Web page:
When it comes to investing, everyone wants to be in the best performing asset classes. Unfortunately, few, if any, are that good at consistently choosing the top performing asset classes to add to their retirement fund year after year. That’s why diversification is so important.
Riskier investments like stocks provide the best returns over the long term; they also happen to be the most volatile asset. Bonds, on the other hand, are much safer, and, as a result, offer very little when it comes to returns. By combing different types of investment strategies among different asset classes, investors can generate profit and reduce risk levels to meet their retirement goals.
To help minimize the risk of human error, emotions, and uncontrollable outside factors and to maximize long-term performance, investors concentrate on asset allocation—the art of spreading out their money in stocks, bonds, commodities, cash, and, for some, real estate.
The old asset allocation equation used to suggest people keep a percentage of bonds equal to their age in their retirement fund, with the remainder in stocks; a 40-year-old, for example, would park 40% of their investments in bonds and 60% in stocks. But since no two people have the same financial needs, it’s pretty hard to have an asset allocation strategy that works for everyone. The fact of the matter is that it’s up to each individual to find an asset allocation risk level that meets their long-term portfolio needs.
That can be difficult to do in this climate. In spite of weak economic news and high unemployment, the S&P 500 and Dow Jones Industrial Average are hitting new highs. … Read More
When it comes to thinking about retirement planning, the “out-of-sight, out-of-mind” mantra seems to be a favorite amongst individual investors. How else can you explain the miniscule 14% of baby boomers who are “very confident” they will have enough money to live comfortably when they retire and the 23% who say they are “not at all” confident? (Source: “The 2012 Retirement Confidence Survey; Job Insecurity, Debt Weight on Retirement Confidence, Savings,” Employee Benefit Research Institute web site, March 2012, last accessed March 12, 2013.)
Granted, the Great Recession that began in 2008 has made retirement planning that much more difficult. Unemployment is high, gross domestic product (GDP) growth is abysmal, wages are flat, and household debt is stubbornly high at $12.8 trillion, while public debt sits at $17.0 trillion. Those who are already retired and those who are nearing retirement have a reasonable explanation for not being able to find enough disposable income to pad their retirement funds. (Source: “Household Sector: Liabilities: Household Credit Market Debt Outstanding,” Federal Reserve Bank of St. Louis web site, March 7, 2013.)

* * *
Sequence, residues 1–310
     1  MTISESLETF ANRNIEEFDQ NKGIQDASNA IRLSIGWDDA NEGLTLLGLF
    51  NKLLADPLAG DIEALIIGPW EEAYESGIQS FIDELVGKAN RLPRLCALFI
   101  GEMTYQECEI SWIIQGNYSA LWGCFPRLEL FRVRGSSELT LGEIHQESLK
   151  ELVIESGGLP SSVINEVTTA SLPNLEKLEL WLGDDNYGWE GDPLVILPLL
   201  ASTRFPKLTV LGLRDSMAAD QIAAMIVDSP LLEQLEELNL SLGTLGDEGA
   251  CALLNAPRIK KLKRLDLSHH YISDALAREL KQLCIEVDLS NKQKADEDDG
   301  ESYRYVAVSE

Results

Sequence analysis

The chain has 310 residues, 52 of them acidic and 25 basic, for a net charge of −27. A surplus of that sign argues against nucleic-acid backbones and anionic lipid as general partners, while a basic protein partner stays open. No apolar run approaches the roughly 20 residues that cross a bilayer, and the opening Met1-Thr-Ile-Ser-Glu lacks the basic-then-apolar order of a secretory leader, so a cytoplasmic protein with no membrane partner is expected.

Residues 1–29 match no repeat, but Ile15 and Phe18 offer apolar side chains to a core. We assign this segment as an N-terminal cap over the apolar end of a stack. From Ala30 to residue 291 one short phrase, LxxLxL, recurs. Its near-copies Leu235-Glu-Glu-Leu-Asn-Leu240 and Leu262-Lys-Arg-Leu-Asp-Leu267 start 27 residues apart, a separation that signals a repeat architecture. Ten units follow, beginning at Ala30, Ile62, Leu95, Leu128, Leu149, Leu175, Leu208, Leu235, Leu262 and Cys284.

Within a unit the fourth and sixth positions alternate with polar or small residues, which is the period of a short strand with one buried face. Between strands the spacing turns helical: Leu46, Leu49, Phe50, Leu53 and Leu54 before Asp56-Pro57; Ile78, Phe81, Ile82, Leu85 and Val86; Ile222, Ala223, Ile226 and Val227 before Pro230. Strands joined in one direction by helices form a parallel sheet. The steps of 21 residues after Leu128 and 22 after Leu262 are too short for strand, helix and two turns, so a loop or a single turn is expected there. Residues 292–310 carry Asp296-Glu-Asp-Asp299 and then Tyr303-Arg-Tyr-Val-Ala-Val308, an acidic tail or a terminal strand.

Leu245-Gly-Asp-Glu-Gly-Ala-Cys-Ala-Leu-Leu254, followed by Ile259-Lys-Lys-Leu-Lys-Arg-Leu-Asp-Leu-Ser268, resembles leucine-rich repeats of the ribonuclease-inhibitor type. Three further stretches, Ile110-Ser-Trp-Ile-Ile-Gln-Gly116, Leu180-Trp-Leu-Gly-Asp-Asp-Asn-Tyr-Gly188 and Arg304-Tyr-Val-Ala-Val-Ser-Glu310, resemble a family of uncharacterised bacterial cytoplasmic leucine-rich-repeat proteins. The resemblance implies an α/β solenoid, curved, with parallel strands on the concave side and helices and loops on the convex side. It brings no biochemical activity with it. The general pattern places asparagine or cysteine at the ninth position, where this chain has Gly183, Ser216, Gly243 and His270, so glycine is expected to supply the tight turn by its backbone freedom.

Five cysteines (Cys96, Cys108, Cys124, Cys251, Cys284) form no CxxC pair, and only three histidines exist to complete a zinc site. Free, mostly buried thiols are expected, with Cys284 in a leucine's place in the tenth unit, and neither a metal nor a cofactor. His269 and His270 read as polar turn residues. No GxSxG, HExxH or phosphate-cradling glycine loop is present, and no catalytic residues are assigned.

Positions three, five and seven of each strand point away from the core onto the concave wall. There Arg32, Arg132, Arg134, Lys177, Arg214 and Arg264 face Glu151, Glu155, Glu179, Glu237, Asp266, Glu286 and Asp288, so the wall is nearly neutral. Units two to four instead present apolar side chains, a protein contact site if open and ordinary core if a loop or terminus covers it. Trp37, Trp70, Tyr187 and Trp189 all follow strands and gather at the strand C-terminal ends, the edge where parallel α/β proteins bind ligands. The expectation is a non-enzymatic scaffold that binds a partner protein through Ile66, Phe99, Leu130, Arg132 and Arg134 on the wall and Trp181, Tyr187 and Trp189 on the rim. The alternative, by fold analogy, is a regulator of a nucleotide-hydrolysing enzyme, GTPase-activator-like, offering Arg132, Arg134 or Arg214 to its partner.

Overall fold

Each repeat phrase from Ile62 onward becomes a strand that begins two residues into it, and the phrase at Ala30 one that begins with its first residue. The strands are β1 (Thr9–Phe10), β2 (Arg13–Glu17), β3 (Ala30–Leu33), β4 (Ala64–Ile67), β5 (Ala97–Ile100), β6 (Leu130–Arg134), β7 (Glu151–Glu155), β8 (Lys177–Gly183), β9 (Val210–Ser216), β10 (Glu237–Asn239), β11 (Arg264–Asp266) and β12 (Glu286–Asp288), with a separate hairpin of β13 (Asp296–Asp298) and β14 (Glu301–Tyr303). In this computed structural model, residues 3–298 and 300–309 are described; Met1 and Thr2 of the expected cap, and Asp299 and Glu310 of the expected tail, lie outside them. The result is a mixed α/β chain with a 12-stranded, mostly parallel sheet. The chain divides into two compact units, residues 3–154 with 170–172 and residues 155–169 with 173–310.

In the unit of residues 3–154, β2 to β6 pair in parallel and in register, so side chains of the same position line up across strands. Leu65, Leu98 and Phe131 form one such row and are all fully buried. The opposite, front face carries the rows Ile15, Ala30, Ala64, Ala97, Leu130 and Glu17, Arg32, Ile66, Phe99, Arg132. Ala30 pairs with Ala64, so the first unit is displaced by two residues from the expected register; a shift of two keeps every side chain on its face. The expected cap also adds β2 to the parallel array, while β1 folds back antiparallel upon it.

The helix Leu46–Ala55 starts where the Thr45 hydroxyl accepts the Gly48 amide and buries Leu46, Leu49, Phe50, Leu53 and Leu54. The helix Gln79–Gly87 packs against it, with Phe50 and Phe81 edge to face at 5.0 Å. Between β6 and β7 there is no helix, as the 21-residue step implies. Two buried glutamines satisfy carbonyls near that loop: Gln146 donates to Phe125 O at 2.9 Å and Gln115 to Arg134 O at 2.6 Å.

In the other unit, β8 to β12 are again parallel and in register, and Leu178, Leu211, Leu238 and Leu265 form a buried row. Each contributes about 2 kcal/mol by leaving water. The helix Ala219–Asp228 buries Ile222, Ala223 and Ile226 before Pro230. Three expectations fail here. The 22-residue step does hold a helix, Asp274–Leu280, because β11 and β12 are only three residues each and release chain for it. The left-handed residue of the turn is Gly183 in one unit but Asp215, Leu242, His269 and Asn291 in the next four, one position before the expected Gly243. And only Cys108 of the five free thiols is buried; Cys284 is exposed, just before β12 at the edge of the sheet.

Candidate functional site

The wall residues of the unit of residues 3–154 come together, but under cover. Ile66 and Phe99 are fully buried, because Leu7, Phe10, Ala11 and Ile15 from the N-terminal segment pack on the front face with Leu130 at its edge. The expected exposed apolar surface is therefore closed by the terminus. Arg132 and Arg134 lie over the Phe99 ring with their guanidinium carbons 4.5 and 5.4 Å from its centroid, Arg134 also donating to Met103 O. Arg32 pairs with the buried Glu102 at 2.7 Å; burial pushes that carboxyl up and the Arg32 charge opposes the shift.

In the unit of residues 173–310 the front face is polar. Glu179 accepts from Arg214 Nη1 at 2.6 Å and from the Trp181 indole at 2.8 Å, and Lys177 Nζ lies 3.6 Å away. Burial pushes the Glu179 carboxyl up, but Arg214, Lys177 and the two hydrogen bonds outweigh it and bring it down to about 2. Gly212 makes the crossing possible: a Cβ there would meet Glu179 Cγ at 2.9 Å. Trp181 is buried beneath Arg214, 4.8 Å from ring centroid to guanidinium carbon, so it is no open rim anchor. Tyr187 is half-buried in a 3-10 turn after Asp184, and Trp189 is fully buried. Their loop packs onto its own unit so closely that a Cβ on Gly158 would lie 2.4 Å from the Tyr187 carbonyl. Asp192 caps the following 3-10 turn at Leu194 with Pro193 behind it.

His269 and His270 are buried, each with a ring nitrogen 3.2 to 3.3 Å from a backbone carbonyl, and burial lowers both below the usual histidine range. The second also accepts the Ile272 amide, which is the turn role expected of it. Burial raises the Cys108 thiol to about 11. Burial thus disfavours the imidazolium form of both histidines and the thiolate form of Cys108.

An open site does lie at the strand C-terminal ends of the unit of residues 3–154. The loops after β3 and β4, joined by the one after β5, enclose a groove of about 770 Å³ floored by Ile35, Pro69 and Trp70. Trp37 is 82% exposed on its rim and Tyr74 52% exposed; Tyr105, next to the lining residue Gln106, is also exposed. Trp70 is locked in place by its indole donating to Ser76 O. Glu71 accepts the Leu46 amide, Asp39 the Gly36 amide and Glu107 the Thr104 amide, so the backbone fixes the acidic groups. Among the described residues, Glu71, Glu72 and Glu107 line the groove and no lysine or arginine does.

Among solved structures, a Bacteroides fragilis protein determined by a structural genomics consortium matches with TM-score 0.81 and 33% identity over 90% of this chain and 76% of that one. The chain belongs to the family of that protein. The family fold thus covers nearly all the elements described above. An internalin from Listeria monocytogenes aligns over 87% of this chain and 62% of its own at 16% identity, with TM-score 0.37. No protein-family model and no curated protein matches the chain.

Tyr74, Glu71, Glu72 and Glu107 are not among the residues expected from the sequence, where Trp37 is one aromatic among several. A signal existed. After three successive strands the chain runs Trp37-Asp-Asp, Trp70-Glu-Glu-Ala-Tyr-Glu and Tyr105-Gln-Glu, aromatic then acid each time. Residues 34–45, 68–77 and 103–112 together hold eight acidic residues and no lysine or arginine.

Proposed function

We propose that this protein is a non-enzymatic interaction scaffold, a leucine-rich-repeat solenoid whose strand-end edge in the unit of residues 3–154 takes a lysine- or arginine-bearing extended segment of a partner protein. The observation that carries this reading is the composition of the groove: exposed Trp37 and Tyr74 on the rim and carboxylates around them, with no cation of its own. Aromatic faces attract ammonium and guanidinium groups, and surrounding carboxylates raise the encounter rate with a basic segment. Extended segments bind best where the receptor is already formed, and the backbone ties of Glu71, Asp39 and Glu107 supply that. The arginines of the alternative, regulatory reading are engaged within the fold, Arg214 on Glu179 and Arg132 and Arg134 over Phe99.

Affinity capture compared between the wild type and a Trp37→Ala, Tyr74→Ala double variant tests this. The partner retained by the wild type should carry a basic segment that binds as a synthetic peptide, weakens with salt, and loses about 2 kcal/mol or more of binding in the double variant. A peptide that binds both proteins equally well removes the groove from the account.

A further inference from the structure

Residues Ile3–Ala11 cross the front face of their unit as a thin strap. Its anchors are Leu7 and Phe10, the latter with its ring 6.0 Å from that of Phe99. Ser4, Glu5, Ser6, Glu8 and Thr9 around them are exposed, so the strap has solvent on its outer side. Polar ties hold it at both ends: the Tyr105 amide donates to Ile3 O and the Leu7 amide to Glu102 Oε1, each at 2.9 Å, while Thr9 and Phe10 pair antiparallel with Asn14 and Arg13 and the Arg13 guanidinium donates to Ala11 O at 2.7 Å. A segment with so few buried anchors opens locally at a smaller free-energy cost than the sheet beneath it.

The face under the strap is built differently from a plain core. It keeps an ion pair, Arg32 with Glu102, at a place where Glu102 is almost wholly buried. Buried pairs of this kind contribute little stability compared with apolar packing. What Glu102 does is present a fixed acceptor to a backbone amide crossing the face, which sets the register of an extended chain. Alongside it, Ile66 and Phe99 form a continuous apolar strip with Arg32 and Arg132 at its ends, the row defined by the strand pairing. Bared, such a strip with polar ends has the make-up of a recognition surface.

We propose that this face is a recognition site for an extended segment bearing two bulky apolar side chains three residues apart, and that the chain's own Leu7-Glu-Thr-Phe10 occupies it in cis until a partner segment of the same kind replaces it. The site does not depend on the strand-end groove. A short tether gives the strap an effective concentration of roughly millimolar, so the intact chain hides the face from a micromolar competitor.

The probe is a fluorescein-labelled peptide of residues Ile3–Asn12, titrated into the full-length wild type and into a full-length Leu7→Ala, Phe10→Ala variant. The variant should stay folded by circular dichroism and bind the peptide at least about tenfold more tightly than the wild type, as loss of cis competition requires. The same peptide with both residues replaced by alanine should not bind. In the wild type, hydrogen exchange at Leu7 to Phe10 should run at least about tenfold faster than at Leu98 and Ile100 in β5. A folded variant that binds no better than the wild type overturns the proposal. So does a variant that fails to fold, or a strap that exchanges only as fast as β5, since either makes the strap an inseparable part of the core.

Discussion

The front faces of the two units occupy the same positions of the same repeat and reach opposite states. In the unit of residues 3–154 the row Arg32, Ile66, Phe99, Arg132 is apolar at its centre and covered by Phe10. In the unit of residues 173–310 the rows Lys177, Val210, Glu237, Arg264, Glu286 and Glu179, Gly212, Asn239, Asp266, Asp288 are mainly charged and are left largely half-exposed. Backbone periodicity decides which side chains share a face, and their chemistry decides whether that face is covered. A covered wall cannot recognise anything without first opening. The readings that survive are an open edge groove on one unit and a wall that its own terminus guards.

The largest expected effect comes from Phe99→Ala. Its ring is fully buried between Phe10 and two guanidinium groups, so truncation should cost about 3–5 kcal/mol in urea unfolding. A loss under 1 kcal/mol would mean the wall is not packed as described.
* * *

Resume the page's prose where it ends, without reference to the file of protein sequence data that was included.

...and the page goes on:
What I do find odd, however, is the reason as to why so many are plunking their hard-earned dollars into underperforming assets with terrible returns, like banks at 0.5% and bonds at a paltry 3.1%. Even jumbo five-year certificates of deposit (CDs) offer a pathetic return of about 1.5%. (Source: “National High Yield Rates for CDs,” Bankrate, Inc. web site, last accessed March 11, 2013.)
Banks, bonds, and CDs are not the retirement fund-fueling workhorses that investors need right now. To build a strong retirement fund, an investor needs to make their … Read More
During the financial crisis, millions of American investors pulled their money out of the stock market and funneled their retirement funds into low-yield, low-risk Treasuries, even into the bank. Unfortunately, with most banks dolling out just 0.5% interest and 30-year Treasuries offering just 3.1%, investors hoping to maintain a comfortable life in retirement are going to have to find better places to park their retirement funds.
With the Dow Jones Industrial Average sailing into uncharted territory, many investors that were sitting on the sidelines are turning their attention back to the stock market. And for good reason.
On March 6, 2009, the Dow Jones Industrial Average touched a low of 6,469.95; on March 6, 2013, it hit an all-time high of 14,320.68—for a four-year gain of 121.3%. During the same period of time, the S&P 500 climbed 121.9%. (Source: StockCharts.com, last accessed March 6, 2013.)
After lying dormant for years in banks and low-yielding bonds, some small investors are thinking about bringing their money off the sidelines and back into stocks. With the Dow reaching record heights, is it really the best time for investors to be jumping back in?
Yes, but with some qualifications.
Historical wisdom holds that small-cap stocks outpace large-cap stocks. As a result, some investors may be considering jumping on the small-cap bandwagon. And why not? Since touching a low of 355.05 on March 9, 2009, the Russell 2000 index, a measure of small-cap stocks, has climbed 165.5%—hitting a record 932.00 on February 19, 2013. (Source: Ibid.)
While the Russell 2000 has solidly outperformed the Dow Jones since 2009, investors have to consider whether the bull … Read More